Cream, a trio that included guitarist-singer Eric Clapton and bassist-singer Jack Bruce, set a powerful standard for “supergroups,” bands composed of independent star musicians. During its 2 1 /2-year run, Cream sold millions of records and released a run of bluesy, jazzy and psychedelic hits including “White Room,” “Sunshine of Your Love” and “Tales of Brave Ulysses” in addition to rock-driven versions of blues standards such as “Crossroads” and “Spoonful.”
Clapton’s guitar work was virtuosic, Bruce provided a propulsive bass line, and Mr. Baker was widely acknowledged as rock drumming’s first colossus, as mesmerizing a showman as any preening lead singer or flamboyant guitarist.
Often behind a parapet of drums, Mr. Baker’s Mephistophelean stage presence, combined with his remarkably tasteful drumming, elevated the rock drummer from faceless metronome to percussive demigod.
His penchant for rhythmic innovation reached an apogee when he authored what many deem rock’s first epic drum solo, in Cream’s 1966 instrumental “Toad.” It was an explosion of polyrhythmic lightning, with sustained fury, lightness and clarity.
“His playing was revolutionary — extrovert, primal and inventive,” Rush drummer Neil Peart once told the London Independent. “He set the bar for what rock drumming could be. I certainly emulated Ginger’s approaches to rhythm — his hard, flat, percussive sound was very innovative. Everyone who came after built on that foundation. Every rock drummer since has been influenced in some way by Ginger, even if they don’t know it.”
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Mr. Baker professed reverence for jazz drummers Elvin Jones, Art Blakey and Max Roach, and that informed his unerring sense of complex rhythm. But he was often reviled for his cantankerous belligerence on and off stage, and eruptions at his bandmates hastened Cream’s dissolution.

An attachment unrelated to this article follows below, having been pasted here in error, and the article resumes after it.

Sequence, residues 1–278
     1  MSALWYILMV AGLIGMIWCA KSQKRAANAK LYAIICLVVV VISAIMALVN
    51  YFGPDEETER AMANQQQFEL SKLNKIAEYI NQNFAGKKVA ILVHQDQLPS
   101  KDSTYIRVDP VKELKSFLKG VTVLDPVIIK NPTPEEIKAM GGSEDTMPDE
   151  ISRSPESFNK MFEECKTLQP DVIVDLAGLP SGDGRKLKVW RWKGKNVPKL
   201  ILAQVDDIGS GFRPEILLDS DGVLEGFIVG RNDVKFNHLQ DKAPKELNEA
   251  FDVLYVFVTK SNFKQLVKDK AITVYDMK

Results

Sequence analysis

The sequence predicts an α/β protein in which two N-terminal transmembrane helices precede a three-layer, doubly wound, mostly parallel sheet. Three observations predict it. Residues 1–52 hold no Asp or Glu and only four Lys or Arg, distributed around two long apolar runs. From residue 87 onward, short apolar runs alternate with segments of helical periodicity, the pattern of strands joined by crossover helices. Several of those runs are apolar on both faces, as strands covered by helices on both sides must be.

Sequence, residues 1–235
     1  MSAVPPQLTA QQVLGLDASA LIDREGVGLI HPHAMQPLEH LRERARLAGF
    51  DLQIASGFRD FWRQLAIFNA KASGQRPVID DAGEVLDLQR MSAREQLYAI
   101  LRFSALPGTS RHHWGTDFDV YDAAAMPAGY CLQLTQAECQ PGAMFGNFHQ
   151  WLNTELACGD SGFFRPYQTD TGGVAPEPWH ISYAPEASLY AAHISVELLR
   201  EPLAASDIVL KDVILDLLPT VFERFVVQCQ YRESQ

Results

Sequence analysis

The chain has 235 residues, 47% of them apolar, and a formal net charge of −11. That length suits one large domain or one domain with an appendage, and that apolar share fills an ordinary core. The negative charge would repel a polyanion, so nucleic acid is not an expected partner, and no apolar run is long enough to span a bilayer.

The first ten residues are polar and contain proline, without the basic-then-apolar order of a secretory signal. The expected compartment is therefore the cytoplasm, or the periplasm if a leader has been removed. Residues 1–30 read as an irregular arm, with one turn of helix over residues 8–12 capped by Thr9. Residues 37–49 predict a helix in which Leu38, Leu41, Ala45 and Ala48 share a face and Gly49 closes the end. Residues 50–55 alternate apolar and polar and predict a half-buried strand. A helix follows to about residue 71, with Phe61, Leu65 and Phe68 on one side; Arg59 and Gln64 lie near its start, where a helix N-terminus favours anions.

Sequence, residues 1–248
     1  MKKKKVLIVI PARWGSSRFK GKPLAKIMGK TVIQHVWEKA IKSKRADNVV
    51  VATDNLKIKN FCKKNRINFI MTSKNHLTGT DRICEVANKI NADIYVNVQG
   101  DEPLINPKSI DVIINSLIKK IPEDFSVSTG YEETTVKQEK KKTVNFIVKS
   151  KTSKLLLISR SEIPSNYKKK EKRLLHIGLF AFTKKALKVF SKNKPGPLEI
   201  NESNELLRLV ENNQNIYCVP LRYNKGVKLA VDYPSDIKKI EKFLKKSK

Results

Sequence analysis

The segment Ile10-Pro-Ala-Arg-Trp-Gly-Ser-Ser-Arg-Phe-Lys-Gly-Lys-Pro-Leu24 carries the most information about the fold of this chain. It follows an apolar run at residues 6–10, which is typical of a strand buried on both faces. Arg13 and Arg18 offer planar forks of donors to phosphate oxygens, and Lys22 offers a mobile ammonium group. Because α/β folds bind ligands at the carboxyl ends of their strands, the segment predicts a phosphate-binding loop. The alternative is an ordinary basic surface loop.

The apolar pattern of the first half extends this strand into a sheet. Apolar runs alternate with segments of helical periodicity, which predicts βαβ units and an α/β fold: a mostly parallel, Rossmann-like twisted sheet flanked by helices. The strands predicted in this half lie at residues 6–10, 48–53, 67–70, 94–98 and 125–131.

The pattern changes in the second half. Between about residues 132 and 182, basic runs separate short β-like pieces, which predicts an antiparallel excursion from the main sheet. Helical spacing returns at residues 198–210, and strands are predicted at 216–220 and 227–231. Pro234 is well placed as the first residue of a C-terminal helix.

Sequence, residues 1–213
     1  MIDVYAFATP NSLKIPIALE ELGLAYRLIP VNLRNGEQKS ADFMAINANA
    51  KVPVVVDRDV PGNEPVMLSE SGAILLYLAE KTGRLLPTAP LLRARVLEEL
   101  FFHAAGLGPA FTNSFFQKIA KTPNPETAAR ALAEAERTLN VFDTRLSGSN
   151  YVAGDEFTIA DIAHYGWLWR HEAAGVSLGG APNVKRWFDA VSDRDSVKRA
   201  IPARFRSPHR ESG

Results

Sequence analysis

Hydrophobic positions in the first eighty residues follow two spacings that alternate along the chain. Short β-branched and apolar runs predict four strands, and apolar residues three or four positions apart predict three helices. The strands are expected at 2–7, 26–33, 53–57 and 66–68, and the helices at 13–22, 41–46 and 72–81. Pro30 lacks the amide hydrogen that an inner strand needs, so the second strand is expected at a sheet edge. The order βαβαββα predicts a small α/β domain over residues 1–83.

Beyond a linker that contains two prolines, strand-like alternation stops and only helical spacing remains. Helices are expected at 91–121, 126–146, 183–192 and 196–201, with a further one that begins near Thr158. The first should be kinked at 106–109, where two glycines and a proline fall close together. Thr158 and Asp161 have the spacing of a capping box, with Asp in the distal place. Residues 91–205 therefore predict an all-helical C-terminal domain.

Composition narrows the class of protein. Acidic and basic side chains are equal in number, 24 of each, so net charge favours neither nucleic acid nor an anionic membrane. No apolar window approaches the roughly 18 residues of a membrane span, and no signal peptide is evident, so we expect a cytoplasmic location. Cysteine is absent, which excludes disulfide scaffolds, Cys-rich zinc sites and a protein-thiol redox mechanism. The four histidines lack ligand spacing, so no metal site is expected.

Addicted to heroin at a young age, the often cadaverously gaunt drummer became infamous for his near-sadistic behavior with his fellow musicians (he once pulled a knife on Bruce) and for going through projects and collaborators like so many disposable tissues.
Mr. Baker’s drug-fueled, profanity-laced rages, all spewed in his back-alley Cockney brogue — along with his weaponized disdain for many of rock’s most successful artists — eventually burned every artistic bridge formed during his musical heyday. He dubbed Mick Jagger a “musical moron.”
Mr. Baker squandered several fortunes on polo ponies, and his misadventures were too numerous to be catalogued. They included reckless gunplay, run-ins with tax and immigration authorities, personal bankruptcy, and fractured relationships with three ex-wives and his three children. All of these incidents dogged Mr. Baker in a peripatetic life that had him constantly bouncing between England, the United States, Europe and Africa.
His picaresque lifestyle — and rampant ego — were summed up in the title of his autobiography: “Ginger Baker: Hellraiser (The Autobiography of the World’s Greatest Drummer).”
There was perhaps no more accurate, and recent, portrayal of his lifelong highs and lows than the 2012 documentary “Beware of Mr. Baker.” He is alternately shown lovingly nuzzling his favorite polo horses and angrily smacking with his cane the film’s director, Jay Bulger.
Although the film presents a series of Baker hosannas offered by such modern-day drum masters as Stewart Copeland of the Police, a dyspeptic Mr. Baker is shown virtually immobile in a lounge chair, sucking on a morphine inhaler and scarfing pills to combat his degenerative osteoporosis.
“My initial attraction to Ginger was figuring out what happens when you live by your own rules without compromise, artistically, spiritually, socially,” Bulger told the New York Times. “Here’s what happens: You wind up alone at the end of the world.”
Peter Edward Baker — nicknamed “Ginger” for his shock of flaming red hair — was born in the hardscrabble hamlet of Lewisham, England, on Aug. 19, 1939. His mother earned some money in a tobacco shop, while his father eked out a living as a bricklayer.
Mr. Baker was 4 when his father, conscripted into the military, was among the casualties in the Allies’ disastrous World War II campaign to capture the strategic Dodecanese islands in the Aegean Sea. He later blamed the loss of his father on “that stupid sod Churchill.”